Authors' information

PJC is a Hepatologist at the Princess Alexandra and Mater Hospitals, and Inala Indigenous Health. PCV is researcher at QIMR Berghofer Medical Research Institute, and Professor at the Faculty of Medicine, The University of Queensland. JW is a Pitjantjatjara and Nukunu man, an infectious diseases epidemiologist, a national leader in Aboriginal and Torres Strait Islander research, and the Director of UQ Poche Centre for Indigenous Health, The University of Queensland. SIS is a Hepatologist at the Royal Prince Alfred Hospital. MW is a Hepatologist at the Nepean Hospital. AT is a Hepatologist, St Vincent’s Hospital. MTL is a Hepatologist at the Liverpool Hospital. BL is a Gastroenterologist at the Royal Brisbane and Women’s Hospital. AZ is a Hepatologist at St George Hospital. JR is a Gastroenterologist at Latrobe Regional Hospital. PA is a Hepatologist at Austin Hospital. JG is a Hepatologist at Westmead Hospital. SB is a Gastroenterologist at John Hunter Hospital.BM is a Hepatologist at Bathurst Hospital. WS is a Hepatologist at Monash Health. GM is a Hepatologist at Sir Charles Gairdner Hospital. ET is a Hepatologist at the Royal Adelaide Hospital. AN is a Gastroenterologist at Eastern Health Box Hill. AW is a Hepatologist at University Hospital Geelong. GC is a Gastroenterologist at Orange Hospital. DH is a Hepatologist at Lyell McEwin Hospital. WC is a Gastroenterologist at the Royal Perth Hospital. GF is a Hepatologist at Canberra Hospital. SKR is a Hepatologist at The Alfred Hospital.


Funding and in-kind support was received from the Commonwealth Department of Health (2018–19/05156), the Gastroenterological Society of Australia (GESA), and unrestricted research grants from Gilead Sciences, Merck, and Abbvie.

Author information

Authors and Affiliations



Study conceptualisation: PJC, SR, SS, AJT, BL, JG, and WS; data curation and analysis: PCV and PJC; patient recruitment: PJC, SIS, MW, AT, ML, BL, AZ, JR, PA, JG, SB, BM, WS, GM, ET, AN, AW, GC, DH, WC, GF, and SKR were involved in patient recruitment and/or review of patient data; manuscript drafting and editing: PJC and PCV; manuscript draft revision: all authors revision of the manuscript for important intellectual content and approved the final version of the article, including the authorship list.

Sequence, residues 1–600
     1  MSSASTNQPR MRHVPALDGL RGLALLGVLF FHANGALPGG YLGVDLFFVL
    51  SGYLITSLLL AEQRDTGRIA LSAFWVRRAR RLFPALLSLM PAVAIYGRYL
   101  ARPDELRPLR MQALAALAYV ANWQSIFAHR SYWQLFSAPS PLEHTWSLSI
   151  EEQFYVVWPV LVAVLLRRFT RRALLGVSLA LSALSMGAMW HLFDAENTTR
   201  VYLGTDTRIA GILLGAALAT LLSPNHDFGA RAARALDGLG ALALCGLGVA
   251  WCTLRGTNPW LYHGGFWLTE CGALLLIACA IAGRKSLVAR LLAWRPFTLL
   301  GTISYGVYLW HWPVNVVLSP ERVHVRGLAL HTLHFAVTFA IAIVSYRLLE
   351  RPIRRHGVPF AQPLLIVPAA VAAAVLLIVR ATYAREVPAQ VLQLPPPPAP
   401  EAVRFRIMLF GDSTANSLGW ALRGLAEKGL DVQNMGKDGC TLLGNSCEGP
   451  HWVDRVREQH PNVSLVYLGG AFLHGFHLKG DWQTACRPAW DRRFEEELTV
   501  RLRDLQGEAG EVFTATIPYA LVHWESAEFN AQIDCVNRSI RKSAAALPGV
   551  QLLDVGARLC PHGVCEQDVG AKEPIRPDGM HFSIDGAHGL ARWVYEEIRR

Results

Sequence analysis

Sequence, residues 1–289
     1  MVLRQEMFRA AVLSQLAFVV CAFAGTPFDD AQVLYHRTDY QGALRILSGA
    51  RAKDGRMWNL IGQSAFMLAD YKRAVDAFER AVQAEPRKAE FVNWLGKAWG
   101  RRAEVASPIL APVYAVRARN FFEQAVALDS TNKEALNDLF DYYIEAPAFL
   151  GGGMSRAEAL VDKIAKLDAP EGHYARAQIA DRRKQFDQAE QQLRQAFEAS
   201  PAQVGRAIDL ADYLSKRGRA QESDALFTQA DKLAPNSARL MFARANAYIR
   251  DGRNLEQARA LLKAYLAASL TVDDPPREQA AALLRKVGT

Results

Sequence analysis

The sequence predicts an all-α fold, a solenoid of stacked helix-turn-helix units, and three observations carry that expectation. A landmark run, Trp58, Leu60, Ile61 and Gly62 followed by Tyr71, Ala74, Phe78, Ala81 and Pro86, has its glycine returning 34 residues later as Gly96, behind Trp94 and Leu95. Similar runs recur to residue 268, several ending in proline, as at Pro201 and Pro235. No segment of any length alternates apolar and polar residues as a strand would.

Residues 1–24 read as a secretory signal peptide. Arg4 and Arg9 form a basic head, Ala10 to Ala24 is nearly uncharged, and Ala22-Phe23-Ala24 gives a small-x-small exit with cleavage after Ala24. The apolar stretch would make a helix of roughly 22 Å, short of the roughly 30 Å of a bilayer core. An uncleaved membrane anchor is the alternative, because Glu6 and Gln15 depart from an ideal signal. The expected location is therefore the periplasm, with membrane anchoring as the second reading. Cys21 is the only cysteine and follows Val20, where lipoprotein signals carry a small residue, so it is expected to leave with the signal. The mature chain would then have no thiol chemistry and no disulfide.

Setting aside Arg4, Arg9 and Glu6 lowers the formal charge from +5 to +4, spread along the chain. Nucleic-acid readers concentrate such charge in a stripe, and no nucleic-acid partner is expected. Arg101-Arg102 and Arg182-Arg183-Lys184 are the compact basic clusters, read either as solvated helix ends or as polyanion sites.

Corresponding author

Correspondence to Paul J. Clark.

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Informed consent was obtained from all subjects who participated in the study. The Human Ethics Committees of the Royal Brisbane & Women's Hospital (HREC/15/QRBW/183), participating hospitals and QIMR Berghofer Medical Research Institute (P2126) approved this study. The study was conducted in compliance with the Declaration of Helsinki.

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Additional file 1.

Supplementary Table S1. List of Rx-Risk-V comorbidity categories with corresponding medicine groups and Anatomical Therapeutic Chemical (ATC), and ATC codes of medications dispensed to patients included in the Opera-C study. Supplementary Table 2. Prevalence of comorbidity categories included in the Rx-Risk-V according for First Nations Peoples and non-Indigenous Australians. Supplementary Table 3. Logistic regression analysis of factors associated with loss to follow-up among First Nations Peoples.

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Clark, P.J., Valery, P.C., Ward, J. et al. Hepatitis C treatment outcomes for Australian First Nations Peoples: equivalent SVR rate but higher rates of loss to follow-up. BMC Gastroenterol 22, 339 (2022).